“….I said in 2015 immediately Buhari came to power that there was nothing he could do without funds. The earnings from crude oil had dropped and Nigeria was not credible to take “vanilla loan” which is a flexible loan. Earnings from crude oil sales had dropped and we just came out from a period when the crude oil price reached an unprecedented peak. We did not borrow then and we did not use the oil windfall to build infrastructure, we squandered it instead.“- Godwin Eohoi (Registrar, CIFCN)
The Genesis of the Chinese loan was borne out of a need to stimulate the economy by building sustainable infrastructure that will support SMEs, reduce unemployment and improve the general living standards of Nigerians. With a squandered reserve and a meagre earning from crude oil, we needed a low interest bailout to deliver on these economic catalysts; the Chinese loan was our only viable alternative instead of our external reserves which previously had been shared among the governors and government cronies.
“…..In 2008, when prices fell from $148 to $38 a barrel, no one had heard of Nigeria because the country was able to tap into this fund. And that I am very proud of” – ( Dr Okonjo Iweala, April 16, 2016; ThisDay).
Our external reserve was supposed to help cushion the effects of the crash in oil prices but there was none as stated by the then Minister of Finance.
“…If Nigeria had been more careful, we would not be here today. It hurts me. We have the mechanism, we had the experience, but we were prevented to act.” -( Dr Okonjo Iweala, April 16, 2016; ThisDay).
Today, the very same elements whose squandering of our commonwealth brought us to this point are making unintelligent allegations against the present government who is sincere in her handling of these economic crises with legitimate economic tools like the Chinese loan. The most important question that should bother the mind of any Nigerian is if the borrowed money is backing the right projects. Former Senior Special Adviser to Ex- President Goodluck Jonathan on Maritime matters, Mr. Leke Oyewole, said: “If the borrowed monies are being used to boost agriculture, and Small Medium Enterprises, sustain power to increase production, then the government is on the right track. -(20th September, 2017;Vanguard)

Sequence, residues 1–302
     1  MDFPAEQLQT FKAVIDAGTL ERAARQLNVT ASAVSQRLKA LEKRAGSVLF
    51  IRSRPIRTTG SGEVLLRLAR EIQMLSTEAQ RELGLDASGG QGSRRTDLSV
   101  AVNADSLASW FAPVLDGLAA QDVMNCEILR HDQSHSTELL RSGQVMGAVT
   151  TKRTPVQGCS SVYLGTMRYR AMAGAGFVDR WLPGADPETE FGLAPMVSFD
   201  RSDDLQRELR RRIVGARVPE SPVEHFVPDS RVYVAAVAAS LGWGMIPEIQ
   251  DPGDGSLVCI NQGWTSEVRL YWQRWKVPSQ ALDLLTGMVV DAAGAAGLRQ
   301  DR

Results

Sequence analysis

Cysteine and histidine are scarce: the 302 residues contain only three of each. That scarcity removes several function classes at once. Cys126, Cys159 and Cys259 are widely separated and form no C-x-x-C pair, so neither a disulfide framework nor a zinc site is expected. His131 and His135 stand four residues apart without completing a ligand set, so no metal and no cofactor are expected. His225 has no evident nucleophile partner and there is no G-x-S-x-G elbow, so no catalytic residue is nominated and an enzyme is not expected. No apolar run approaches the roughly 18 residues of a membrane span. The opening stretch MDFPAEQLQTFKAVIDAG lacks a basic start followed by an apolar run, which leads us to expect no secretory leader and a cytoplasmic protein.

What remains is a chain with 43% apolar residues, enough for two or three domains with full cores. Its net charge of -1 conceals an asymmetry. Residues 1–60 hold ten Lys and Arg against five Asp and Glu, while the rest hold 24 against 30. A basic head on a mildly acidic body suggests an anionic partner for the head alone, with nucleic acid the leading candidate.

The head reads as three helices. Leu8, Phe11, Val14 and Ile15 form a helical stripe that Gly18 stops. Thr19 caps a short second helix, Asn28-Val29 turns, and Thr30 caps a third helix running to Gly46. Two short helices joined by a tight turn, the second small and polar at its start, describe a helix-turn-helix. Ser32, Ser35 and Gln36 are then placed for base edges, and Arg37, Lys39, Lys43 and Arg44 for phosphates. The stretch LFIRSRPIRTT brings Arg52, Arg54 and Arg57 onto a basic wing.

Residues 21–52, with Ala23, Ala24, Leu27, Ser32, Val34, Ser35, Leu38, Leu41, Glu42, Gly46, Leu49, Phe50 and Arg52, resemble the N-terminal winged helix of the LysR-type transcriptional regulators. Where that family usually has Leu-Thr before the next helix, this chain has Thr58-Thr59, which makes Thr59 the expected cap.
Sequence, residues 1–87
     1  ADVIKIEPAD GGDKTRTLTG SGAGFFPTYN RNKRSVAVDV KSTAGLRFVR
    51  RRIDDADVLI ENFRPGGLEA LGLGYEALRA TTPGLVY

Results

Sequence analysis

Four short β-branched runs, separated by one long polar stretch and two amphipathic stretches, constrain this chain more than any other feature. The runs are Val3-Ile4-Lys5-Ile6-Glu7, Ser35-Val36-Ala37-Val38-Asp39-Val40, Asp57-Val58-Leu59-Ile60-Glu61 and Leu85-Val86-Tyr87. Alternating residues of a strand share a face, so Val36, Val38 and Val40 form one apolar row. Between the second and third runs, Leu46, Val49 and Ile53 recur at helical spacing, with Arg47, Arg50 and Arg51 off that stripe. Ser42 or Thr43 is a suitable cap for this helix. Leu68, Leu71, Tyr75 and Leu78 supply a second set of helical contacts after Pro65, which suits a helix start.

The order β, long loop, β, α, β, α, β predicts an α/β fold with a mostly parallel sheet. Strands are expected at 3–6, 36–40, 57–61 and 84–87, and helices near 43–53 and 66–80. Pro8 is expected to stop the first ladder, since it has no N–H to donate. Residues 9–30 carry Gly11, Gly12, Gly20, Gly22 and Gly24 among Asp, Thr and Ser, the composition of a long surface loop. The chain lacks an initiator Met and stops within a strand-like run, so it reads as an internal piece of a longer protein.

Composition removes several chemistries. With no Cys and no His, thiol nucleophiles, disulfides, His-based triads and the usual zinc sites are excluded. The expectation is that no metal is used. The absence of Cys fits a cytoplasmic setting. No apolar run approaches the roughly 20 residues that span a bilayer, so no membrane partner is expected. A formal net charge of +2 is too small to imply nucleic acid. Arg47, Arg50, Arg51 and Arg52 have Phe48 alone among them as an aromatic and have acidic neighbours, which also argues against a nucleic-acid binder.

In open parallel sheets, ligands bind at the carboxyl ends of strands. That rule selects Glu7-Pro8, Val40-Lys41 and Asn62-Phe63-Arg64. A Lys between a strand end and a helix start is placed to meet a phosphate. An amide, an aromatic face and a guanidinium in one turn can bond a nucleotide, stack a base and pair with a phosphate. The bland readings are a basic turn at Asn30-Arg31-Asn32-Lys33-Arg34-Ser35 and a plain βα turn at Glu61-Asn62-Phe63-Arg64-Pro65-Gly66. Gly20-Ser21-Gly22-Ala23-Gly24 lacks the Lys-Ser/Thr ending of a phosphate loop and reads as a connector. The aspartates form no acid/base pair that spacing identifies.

Of all the states in Nigeria, Lagos state is the most indebted. But this is in a good way because the loans are being put to judicious use. The government of Lagos state is making investments in infrastructure a key priority. The outstanding result is seen everywhere in roads, ICT, security, and more. The two most indebted countries in the world are the USA and the UK, two leading world powers in military dynamics, infrastructure, medicine, research in science and technology, space exploration and more. This shows there is a strong correlation between borrowing and infrastructural development given the political will to put the loan to proper use for national good.
In like manner, the government of President Muhammadu Buhari is making similar investments in infrastructure financed with the Chinese loans negotiated by the President himself in 2016. The credit facility to Nigeria include $500 million to build airport terminals in Lagos, Abuja, Port Harcourt and Kano; $600 million to build a light railway in Abuja and $700 million to build a hydroelectric power plant in Niger State. All of these projects and more are currently at different stages towards completion.
For critics who fault the rationale behind taking the Chinese loan, Ethiopia has made remarkable strides towards infrastructural development as seen in their rail projects, airlines, power generation etc. Serious nations depend on loans to stimulate their economies. And we can best jump start a broken down economy by overhauling our overburdened infrastructure through low-interest loans.
For the good of man and country, irrespective of party affiliations everyone should support a government who is determined to touch the lives of Nigerians by addressing our infrastructural deficit. This is what the Buhari administration is doing. Let us give credit where it is deserved.
Nathaniel C. Adoji, a public affairs analyst writes from Abuja